Drinks Atlas: Bardstown, Kentucky - Imbibe Magazine Subscribe + Save

Drinks Atlas: Bardstown, Kentucky

To be labeled as bourbon, a spirit must be made with at least 51 percent corn in the mash bill, aged in new charred-oak barrels, and bottled at a minimum of 80 proof, among other regulations. It doesn’t legally have to be made in Kentucky, but you’d be hard pressed to argue that bourbon’s birthplace is anywhere but the Bluegrass State, with Bardstown as its bourbon capital. “Some states have the geographical necessities: limestone filtered water, temperate seasons, etc. However, they don’t have hundreds of years of history, and generations of distilling coursing through their veins,” says Seth Thompson, co-founder and publisher of The Bourbon Review and co-founder of the annual Bourbon Classic. “Kentucky is the pinnacle for bourbon standards.”

Bardstown was settled in the late 18th century by large farming families growing corn and other grains—“lots of Catholic families who weren’t scared of a drink and knew how to distill,” says Thompson. By the end of the 19th century, the Bardstown area boasted nearly 30 distilleries. While Prohibition altered the industry landscape, some familiar family names endured to establish some of the country’s most well-known bourbon distilleries—names like Beam, Willett, Samuels of Maker’s Mark, and the Shapira family who founded Heaven Hill. “Generations upon generations of families have depended on bourbon for their livelihood,” says Thompson.

Today, with a population of less than 15,000, Bardstown is home to 11 bourbon facilities all within less than 20 miles of downtown, including stalwarts like Barton 1792 and Four Roses alongside newcomers like Log Still and Lux Row. “There’s a profound depth of authenticity that nowhere else in the country even comes close to touching,” says Thompson.

Fast Facts The annual Kentucky Bourbon Festival, now in its third decade, attracts upwards of 50,000 visitors from across the globe, more than tripling Bardstown’s population for the third week of September each year.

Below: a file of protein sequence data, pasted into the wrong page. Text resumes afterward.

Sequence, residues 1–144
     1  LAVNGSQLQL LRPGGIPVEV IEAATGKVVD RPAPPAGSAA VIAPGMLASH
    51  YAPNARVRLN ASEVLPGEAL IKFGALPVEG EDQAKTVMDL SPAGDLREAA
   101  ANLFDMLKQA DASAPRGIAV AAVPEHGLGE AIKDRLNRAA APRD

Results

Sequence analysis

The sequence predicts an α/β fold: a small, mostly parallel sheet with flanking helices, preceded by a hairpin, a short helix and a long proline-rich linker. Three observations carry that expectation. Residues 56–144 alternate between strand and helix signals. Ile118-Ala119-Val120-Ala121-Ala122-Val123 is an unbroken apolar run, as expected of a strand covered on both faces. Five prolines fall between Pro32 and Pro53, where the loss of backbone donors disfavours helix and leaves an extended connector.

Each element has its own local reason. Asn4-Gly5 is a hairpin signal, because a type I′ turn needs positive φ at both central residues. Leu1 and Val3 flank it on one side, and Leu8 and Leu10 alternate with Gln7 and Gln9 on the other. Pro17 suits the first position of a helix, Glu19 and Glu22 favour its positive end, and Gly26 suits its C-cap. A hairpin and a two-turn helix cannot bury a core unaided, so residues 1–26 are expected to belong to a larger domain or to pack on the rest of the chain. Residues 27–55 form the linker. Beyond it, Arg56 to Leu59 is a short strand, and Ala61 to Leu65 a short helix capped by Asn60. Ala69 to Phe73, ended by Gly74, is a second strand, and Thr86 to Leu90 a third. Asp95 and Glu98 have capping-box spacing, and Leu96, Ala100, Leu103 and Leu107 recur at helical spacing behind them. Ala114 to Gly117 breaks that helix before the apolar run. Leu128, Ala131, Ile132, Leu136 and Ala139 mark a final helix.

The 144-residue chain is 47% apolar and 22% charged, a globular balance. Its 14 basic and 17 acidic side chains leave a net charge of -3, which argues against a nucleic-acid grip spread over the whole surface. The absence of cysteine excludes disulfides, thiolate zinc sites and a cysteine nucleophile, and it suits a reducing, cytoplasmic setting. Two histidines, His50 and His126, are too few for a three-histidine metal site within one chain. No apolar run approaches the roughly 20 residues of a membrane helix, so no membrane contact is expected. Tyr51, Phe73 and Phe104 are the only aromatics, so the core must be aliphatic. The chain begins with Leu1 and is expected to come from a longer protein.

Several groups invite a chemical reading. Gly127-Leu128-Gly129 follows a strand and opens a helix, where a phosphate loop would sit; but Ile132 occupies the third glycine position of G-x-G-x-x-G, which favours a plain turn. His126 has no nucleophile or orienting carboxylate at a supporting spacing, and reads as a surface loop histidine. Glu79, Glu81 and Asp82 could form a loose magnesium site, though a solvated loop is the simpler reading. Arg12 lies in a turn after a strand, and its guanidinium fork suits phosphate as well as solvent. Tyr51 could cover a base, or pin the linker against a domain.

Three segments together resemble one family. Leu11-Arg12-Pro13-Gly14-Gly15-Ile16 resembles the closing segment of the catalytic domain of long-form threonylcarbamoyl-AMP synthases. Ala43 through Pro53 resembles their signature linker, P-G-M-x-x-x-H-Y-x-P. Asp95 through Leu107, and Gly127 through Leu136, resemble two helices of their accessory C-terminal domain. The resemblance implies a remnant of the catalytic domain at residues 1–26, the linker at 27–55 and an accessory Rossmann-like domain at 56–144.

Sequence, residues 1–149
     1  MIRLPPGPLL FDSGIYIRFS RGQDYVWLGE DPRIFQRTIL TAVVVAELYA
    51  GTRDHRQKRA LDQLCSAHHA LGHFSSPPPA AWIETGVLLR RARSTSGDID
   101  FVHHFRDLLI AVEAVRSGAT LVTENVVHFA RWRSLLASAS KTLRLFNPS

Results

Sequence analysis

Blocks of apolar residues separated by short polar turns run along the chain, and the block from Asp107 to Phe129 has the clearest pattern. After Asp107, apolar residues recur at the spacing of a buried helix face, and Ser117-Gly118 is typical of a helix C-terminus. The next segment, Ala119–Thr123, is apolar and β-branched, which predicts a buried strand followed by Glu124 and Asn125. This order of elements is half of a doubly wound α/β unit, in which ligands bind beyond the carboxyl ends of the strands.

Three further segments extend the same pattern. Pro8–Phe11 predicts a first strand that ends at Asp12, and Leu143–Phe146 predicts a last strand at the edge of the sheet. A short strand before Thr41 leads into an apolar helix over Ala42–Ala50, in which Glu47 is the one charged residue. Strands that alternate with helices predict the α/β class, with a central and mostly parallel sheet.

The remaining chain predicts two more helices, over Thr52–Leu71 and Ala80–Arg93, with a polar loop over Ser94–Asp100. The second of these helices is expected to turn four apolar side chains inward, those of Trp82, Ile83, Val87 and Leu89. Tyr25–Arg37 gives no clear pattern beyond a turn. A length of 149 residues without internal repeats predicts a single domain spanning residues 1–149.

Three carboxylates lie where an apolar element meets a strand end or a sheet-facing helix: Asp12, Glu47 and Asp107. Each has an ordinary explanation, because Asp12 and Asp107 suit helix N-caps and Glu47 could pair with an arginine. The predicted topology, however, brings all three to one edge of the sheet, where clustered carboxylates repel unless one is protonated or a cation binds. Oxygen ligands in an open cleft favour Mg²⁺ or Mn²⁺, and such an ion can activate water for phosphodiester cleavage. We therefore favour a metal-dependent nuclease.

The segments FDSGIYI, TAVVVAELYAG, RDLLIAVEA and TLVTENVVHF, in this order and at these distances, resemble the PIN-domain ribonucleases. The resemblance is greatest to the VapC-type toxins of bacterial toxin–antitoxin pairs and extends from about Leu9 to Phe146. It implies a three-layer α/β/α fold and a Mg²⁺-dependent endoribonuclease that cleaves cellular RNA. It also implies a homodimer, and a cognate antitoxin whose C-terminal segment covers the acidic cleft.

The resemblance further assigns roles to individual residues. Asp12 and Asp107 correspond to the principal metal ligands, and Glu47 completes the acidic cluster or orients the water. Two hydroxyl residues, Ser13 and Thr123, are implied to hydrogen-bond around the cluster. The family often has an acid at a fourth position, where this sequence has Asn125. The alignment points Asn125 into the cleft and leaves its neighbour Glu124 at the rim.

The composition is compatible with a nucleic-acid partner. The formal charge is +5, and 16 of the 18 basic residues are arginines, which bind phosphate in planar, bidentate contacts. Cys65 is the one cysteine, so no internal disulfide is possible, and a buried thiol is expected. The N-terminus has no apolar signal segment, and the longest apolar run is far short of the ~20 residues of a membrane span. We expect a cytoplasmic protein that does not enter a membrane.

The Oscar Getz Museum of Whiskey History in downtown Bardstown includes items spanning from pre-Colonial times to post-Prohibition, including Abraham Lincoln’s liquor license from his time as a shopkeeper, and what’s believed to be George Washington’s whiskey still.

Built in 1779, the still-operating Old Talbott Tavern has stood in the center of historic Bardstown for more than two centuries, hosting patrons like Andrew Jackson and Daniel Boone; bullet holes in the plaster of a wall are rumored to have been left by Jesse James.

5 Bottles to Try Bardstown Bourbon Co. Fusion Series A newbie by Kentucky standards, Bardstown Bourbon Company was founded in 2014 and takes a modern approach to the spirit. Their Fusion Series is a blend of their own wheated and high-rye bourbons, each aged 2 years, and a sourced 11-year straight Kentucky bourbon. $58, blackwellswines.com

Barton 1792 Full Proof Recently named World Whisky of the Year in Jim Murray’s 2020 Whisky Bible, the Barton 1792 Full Proof is worth snagging if you can. At 120 proof, this one packs a wallop but deftly balances its sweet and smoky flavors. Barton’s Bottled-in-Bond or Sweet Wheat are also solid choices. $49.99, totalwine.com

Willett 4-Year Straight Rye Whiskey With a family history dating back to the founding of Bardstown, Willett remains among the Old Guard. Their 4-Year Straight Rye Whiskey, made from a blend of their high-rye and low-rye mash bills, is a pillar of their collection.
$59.99, warehousewinesandspirits.com

Heaven Hill 6-Year Old Style Bourbon Some of the most recognizable whiskey brands on the market come from the Heaven Hill Distillery, but their simple 6-Year green label remains a classic for everyday drinking or cocktailing, with more bang for your buck than just about any bottle out there. $12.99, totalwine.com

Maker’s Mark Private Select A more recent project for Maker’s Mark, the Private Select expressions are made with their cask-strength bourbon aged for nine additional weeks in barrels fitted with specially selected wood-finishing staves. With more than 1,000 possible combinations, expect some deliciously unique bottles at a variety of retailers. See makersmark.com for details.

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